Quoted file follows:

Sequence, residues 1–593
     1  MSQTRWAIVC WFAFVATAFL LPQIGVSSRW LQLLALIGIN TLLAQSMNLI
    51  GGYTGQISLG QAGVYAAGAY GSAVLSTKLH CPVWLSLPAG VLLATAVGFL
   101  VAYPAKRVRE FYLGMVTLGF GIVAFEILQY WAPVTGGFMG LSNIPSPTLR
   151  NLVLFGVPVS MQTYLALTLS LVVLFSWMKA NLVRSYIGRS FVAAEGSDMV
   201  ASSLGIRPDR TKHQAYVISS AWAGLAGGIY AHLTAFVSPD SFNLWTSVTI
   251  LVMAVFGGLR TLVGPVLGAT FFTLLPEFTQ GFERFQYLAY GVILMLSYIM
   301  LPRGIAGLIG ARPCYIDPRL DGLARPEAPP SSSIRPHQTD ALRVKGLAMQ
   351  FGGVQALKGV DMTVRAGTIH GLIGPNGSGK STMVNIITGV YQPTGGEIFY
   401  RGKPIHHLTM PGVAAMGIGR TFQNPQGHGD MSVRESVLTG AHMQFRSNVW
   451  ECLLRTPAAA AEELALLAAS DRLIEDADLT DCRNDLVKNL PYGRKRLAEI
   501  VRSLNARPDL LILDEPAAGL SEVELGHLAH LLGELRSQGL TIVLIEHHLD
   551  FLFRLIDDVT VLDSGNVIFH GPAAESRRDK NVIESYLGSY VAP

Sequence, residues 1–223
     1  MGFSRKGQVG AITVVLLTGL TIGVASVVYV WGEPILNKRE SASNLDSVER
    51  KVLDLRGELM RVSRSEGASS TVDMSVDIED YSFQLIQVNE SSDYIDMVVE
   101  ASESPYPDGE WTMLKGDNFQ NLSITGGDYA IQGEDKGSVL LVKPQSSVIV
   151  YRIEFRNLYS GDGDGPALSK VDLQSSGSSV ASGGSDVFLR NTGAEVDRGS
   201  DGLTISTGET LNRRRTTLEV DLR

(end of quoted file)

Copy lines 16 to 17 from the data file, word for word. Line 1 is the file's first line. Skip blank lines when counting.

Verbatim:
    51  KVLDLRGELM RVSRSEGASS TVDMSVDIED YSFQLIQVNE SSDYIDMVVE
   101  ASESPYPDGE WTMLKGDNFQ NLSITGGDYA IQGEDKGSVL LVKPQSSVIV